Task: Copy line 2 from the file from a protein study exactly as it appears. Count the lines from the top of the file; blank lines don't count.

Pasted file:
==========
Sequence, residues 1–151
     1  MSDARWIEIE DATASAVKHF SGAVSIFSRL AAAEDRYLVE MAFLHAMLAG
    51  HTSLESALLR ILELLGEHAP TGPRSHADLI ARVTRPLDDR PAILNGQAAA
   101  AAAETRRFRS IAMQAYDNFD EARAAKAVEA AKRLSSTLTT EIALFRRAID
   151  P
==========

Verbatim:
     1  MSDARWIEIE DATASAVKHF SGAVSIFSRL AAAEDRYLVE MAFLHAMLAG